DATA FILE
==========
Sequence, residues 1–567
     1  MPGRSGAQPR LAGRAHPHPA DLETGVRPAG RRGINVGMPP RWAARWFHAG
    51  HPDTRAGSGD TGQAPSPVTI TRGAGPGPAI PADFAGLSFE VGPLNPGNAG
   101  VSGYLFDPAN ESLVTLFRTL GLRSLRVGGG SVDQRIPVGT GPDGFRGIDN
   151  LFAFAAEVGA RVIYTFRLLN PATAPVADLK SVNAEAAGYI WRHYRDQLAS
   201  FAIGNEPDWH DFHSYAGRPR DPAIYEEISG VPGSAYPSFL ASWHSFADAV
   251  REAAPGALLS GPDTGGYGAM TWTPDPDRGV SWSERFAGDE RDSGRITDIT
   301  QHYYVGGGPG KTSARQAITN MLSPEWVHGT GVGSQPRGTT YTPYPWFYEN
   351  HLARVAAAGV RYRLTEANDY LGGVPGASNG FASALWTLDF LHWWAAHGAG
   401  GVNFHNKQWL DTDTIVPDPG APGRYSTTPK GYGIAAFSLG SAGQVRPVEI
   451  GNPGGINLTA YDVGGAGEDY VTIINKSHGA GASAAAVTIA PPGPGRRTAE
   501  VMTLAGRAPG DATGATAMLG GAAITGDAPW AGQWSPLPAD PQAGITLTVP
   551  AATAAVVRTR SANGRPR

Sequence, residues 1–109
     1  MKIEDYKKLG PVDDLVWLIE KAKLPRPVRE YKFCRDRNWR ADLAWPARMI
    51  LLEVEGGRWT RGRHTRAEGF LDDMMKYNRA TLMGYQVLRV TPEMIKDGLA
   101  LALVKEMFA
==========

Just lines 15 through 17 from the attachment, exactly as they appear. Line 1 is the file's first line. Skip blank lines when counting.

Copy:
     1  MKIEDYKKLG PVDDLVWLIE KAKLPRPVRE YKFCRDRNWR ADLAWPARMI
    51  LLEVEGGRWT RGRHTRAEGF LDDMMKYNRA TLMGYQVLRV TPEMIKDGLA
   101  LALVKEMFA